From the client point of view “I don’t come for the drinks; I come to be looked after” - 1883 Maison Routin

Alexandra lives several lives. 

She is an antiques dealer (@unjour_unevieillerie) with a boutique in Paris; she is a community manager and trainer (her principal profession); she is a writer of a new genre (@alexandriane); and she is a fan of cocktails (@alcoolismemondain). And when asked what she expects when she enters a bar, her answer is clear and unhesitating: “I don’t come for the drinks. I come to be looked after.”

She explains: a high-quality drink is already a prerequisite. “I am not a technical geek, and as a client I don’t really get to see the products that go into my drink, even if some of the bottles are lined up on the shelf behind the bar. When you’re seated at a table and someone serves you a drink, you don’t think only about what’s in the glass. However, the product is not enough in itself. It can even seem pretentious and snobbish. What I am looking for when I come into an establishment – whether a cocktail bar or a local pub – is the full package, the atmosphere. I always sit at the bar and take in the experience. I catch glimpses of daily life, watching people interact around me. That is what I am actually drinking in. A social experience.”

That’s probably because Alexandra is one of those customers who comes in for conversation. She usually comes in with no more than two or three people. Otherwise, she wouldn’t have the same expectations or approach, since a larger group is socially self-sufficient. On her own, she can speak with the professionals behind the bar. With other patrons seated around her. What she expects is to be welcomed. Truly welcomed. She wants the team to take an interest in her, speak with her, and – as she says – for “something to happen.” She explains that the head bartender at one of her favourite cocktail bars, Thierry, is incredibly perceptive. He senses her mood. He never ignores her. And he takes care of everyone in the rather small room in just the same way. That is something that probably requires a certain maturity as a bartender.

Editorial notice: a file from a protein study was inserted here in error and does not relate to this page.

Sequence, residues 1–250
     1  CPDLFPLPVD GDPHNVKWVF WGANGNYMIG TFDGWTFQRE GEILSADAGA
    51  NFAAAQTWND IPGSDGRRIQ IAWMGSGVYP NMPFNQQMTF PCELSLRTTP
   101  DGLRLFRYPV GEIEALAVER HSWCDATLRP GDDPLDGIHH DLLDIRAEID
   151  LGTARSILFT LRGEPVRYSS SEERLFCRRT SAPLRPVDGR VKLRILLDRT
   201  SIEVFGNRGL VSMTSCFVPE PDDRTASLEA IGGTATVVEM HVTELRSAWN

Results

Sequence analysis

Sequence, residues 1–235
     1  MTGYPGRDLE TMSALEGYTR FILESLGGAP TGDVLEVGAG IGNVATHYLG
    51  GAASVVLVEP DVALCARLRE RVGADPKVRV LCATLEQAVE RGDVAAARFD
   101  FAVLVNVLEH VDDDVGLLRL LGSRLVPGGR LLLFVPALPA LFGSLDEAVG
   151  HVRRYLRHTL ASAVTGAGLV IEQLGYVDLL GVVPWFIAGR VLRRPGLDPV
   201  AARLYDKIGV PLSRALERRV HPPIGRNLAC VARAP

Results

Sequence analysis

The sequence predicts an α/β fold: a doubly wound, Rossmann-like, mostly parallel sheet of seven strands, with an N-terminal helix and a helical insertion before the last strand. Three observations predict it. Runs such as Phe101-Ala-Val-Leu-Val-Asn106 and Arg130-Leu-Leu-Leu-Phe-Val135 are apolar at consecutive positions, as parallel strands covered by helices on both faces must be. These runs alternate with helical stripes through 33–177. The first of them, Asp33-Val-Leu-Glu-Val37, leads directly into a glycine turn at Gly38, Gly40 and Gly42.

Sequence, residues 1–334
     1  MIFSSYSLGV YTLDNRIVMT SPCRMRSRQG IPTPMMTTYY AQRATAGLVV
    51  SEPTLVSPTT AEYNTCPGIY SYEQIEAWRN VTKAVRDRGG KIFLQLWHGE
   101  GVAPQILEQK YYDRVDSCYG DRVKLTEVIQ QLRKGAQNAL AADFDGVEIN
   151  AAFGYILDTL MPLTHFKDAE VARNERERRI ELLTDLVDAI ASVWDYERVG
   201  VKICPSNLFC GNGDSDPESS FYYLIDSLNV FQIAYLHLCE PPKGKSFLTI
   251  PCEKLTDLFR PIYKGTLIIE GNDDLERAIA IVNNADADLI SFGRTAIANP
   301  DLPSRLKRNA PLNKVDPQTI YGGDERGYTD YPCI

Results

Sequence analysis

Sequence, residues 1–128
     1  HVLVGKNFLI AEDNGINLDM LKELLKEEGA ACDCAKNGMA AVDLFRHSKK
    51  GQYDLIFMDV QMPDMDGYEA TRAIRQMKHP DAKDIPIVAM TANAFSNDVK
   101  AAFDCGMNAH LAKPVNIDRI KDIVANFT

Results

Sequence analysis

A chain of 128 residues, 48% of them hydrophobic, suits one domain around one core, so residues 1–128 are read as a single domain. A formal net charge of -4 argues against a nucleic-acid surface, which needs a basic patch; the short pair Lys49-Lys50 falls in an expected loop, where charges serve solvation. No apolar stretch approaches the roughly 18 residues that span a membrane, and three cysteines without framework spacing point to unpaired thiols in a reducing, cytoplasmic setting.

In choosing an establishment, she looks for a laid-back atmosphere, and she doesn’t have preconceived notions. Some time ago, before attending a show, she stepped into a bistro across from the venue. Just a local watering hole. She ordered a margarita. Just to see how it would be. And the cocktail was perfect! She thought about it throughout the entire show, and she returned to have another one afterwards. She told the young server that she had been thinking about it for two hours. She and her friends took a seat and enjoyed the rest of the evening there. A quarrel broke out at another table. One of the individuals left and came to stand at the bar. She was a musician. Together they spoke and laughed, and Alexandra promised to attend her upcoming concert. She found exactly what she had come in search of: atypical, somewhat peculiar snippets of life. “In times of crisis, you’re not looking for something ordinary when you go out; you are looking for an exceptional experience in every sense of the term.” And that is what Alexandra seeks out when she enters a café or bar.

Her favourite hangouts of the moment:

-Le Calbar for a cocktail (@lecalbar)

-The Green Goose for a beer or authentic Irish coffee (@thegreengooseparis)

-Les Enfants de la Balle for a coffee (lesenfantsdelaballe75020)

-L’Églantine for its terrace (@leglantinebistrot)

Her first cocktail bar experience: at a speakeasy in New York City. Honourable mention: the American-style service.